Nursing Home Jobs

6 Essential Duties in a Nursing Home Job

There are many important factors involved in a nursing home job. The needs of the elderly can vary drastically from patient to patient and a great nursing home nurse must be able to meet the all of these needs for this diverse group. That said, there are many general aspects to nursing home care that are true across all patients. The six most essential duties in a nursing home job are hygiene, dressing, feeding, bathroom assistance, mobility, and safety.

  1. Hygiene: The single most important duty for any nursing home job is maintaining proper hygiene. The level of assistance needed will vary with each patient, but to maintain a healthy environment in the nursing home, both it and its residents must be kept well-maintained and hygienic. This is accomplished through proper cleaning procedures that are both preventative and timely. Preventative cleaning is essential to keep the nursing home from developing easily avoided problems. Timely cleaning means maintaining and sanitizing immediately after a food spill, broken glass, or bodily fluids.
  2. Dressing: Many patients who need the assistance of a nursing home require assistance with dressing. This usually entails simply assisting someone with putting on outer garments that they are no longer flexible enough to easily wear. It may mean helping put a sweater on a patient or pulling pants up. Some nursing home residents will require significant help getting dressed and anyone working in a nursing home should be prepared to provide this level of assistance.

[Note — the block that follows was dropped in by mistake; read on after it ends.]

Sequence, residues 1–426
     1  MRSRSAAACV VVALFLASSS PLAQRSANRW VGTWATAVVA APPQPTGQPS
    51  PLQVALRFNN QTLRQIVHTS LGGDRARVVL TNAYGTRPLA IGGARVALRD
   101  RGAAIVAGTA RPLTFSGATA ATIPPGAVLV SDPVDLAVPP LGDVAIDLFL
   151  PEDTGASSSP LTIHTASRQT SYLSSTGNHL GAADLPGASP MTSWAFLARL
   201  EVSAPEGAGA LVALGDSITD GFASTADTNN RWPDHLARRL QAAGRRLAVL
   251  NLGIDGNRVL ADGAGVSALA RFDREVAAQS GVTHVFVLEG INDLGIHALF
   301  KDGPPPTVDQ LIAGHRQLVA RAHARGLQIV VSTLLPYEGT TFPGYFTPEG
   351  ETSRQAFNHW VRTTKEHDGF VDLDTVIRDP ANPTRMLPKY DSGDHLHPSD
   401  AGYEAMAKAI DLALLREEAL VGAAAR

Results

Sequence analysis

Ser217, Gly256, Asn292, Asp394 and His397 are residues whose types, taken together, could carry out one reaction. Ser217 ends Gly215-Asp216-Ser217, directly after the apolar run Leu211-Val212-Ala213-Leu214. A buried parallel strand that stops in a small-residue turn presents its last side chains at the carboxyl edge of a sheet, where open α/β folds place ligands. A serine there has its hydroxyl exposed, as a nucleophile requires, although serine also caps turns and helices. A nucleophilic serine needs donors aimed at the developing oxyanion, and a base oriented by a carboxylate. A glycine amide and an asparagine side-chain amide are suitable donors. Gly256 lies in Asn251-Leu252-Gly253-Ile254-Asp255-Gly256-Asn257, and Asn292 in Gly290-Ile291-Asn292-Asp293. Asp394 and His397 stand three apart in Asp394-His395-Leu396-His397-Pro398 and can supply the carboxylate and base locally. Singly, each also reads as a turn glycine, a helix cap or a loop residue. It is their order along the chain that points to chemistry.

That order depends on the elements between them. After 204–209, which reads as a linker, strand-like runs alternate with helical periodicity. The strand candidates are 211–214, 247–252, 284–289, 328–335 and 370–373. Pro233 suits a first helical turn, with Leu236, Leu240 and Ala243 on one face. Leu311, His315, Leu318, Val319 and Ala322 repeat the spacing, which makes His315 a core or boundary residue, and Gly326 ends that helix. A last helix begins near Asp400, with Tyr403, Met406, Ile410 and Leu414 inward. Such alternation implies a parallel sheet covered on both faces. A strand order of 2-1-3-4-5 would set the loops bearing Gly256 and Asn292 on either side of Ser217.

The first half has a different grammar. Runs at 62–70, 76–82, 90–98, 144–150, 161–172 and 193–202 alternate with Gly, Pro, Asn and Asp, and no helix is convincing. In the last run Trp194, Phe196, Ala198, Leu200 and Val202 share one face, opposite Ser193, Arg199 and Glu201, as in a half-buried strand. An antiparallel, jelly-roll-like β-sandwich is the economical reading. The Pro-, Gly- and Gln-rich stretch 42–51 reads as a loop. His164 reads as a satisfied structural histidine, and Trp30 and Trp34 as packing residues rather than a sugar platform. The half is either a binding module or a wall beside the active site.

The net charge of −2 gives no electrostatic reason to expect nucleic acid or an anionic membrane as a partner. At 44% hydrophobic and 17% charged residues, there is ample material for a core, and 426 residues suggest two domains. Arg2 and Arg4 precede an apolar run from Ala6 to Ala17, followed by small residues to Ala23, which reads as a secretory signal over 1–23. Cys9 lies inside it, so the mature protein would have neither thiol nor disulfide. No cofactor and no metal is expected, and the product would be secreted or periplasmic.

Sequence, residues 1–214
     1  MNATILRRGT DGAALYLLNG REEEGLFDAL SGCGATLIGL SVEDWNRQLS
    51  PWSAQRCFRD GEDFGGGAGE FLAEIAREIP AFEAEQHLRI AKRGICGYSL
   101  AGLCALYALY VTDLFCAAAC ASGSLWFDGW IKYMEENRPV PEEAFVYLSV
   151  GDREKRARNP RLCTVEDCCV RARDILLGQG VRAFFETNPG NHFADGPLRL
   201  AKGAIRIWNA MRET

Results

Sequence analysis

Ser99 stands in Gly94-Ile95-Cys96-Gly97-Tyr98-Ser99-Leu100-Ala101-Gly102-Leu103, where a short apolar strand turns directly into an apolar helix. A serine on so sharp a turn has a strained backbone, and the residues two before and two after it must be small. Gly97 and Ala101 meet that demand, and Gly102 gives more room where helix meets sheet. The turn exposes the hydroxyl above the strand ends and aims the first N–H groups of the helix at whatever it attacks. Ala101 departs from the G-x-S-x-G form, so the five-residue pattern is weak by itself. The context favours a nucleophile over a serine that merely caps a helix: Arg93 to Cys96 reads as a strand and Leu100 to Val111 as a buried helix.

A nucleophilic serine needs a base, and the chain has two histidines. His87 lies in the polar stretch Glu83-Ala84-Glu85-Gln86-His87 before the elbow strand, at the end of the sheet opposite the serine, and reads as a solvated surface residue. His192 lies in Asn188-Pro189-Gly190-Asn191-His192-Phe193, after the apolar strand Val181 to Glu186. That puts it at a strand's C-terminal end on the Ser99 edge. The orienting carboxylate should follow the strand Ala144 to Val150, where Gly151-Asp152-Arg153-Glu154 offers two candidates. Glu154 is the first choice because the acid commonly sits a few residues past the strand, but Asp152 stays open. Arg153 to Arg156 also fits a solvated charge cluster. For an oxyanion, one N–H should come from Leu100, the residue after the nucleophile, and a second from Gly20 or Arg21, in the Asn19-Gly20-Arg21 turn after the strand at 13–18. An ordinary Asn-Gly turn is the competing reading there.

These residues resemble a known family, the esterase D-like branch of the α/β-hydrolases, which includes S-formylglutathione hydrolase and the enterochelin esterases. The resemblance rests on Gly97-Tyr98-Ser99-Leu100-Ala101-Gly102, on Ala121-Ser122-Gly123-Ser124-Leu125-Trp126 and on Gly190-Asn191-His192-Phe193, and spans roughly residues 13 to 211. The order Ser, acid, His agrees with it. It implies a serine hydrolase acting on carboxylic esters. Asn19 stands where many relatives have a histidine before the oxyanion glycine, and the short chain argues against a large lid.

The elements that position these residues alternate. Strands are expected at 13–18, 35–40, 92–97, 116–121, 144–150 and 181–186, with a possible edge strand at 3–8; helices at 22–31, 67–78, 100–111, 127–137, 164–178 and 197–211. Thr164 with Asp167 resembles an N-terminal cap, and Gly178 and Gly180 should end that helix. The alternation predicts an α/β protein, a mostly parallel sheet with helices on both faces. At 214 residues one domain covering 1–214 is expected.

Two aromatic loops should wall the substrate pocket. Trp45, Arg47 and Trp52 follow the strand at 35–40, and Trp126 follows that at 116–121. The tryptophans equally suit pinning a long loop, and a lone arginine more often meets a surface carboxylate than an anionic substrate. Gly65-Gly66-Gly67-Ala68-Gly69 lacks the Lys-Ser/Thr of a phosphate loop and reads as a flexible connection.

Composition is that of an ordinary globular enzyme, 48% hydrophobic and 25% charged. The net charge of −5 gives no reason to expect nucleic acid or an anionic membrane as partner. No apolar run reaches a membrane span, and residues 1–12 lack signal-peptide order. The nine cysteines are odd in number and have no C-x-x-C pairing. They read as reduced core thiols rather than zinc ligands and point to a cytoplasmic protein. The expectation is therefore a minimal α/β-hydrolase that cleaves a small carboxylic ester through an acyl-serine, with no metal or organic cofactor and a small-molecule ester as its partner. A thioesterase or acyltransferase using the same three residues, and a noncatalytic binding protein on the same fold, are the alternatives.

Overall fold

3. Feeding: Another vital service provided by nursing homes is proper feeding. This does not just mean physically feeding a patient, but also making sure that residents are getting fed a well-balanced diet on a proper schedule. As with all those that live in a nursing home, the required level of feeding will vary. Some will need food carefully prepared to meet a specific need while others may simply need their food cut up so they can easily maneuver the food. Included in the idea of feeding is that some patients require IV bags to provide them with their daily nutrients. A nursing home worker must be trained and willing to change an IV bag as needed.
  4. Bathroom Assistance: One of the least pleasant jobs of a nursing home worker is also one of the most vital. Bathroom assistance is needed because of the hygiene issue but also because people want to feel they still live with a sense of dignity. When an adult soils themselves, it reduces that sense of self-worth. A nursing home worker must be willing to not only help clean up when such an event occurs, but make sure the person being cleaned does not feel that they are in any way abnormal or disgusting. This is one of the toughest aspects of the job but a great worker can do it with care and understanding.
  5. Mobility: A vast majority of those living at a nursing home will require assistance with their mobility. It is a fact of life that as people age, their mobility becomes greatly reduced. Even the spriest elderly person is far less mobile than they were in their youth. Nursing home workers must be prepared to not only assist with mobility through the use of canes, walkers, and wheel chairs, but must provide mobility assistance with patience. Workers must constantly realize that if it is frustrating for them, then it is 10 times more frustrating for the person who cannot move faster.
  6. Safety: Finally, it is vital that residents in a nursing home are provided a safe and secure environment. They are trusting the nursing home with not only their well-being, but with their valuables. Anyone living in a nursing home must be able to trust that they can leave a valuable out in the open without fear of it disappearing. In addition, nursing homes must be diligent to provide a secure environment that is free of internal and external dangers. The building must be secure to prevent someone from entering without someone that works at the nursing home being aware of their presence. The facility must also be free of excess sharp edges and tripping hazards. Safety is the single most difficult aspect of a nursing home job, but is unquestionably important for those living there.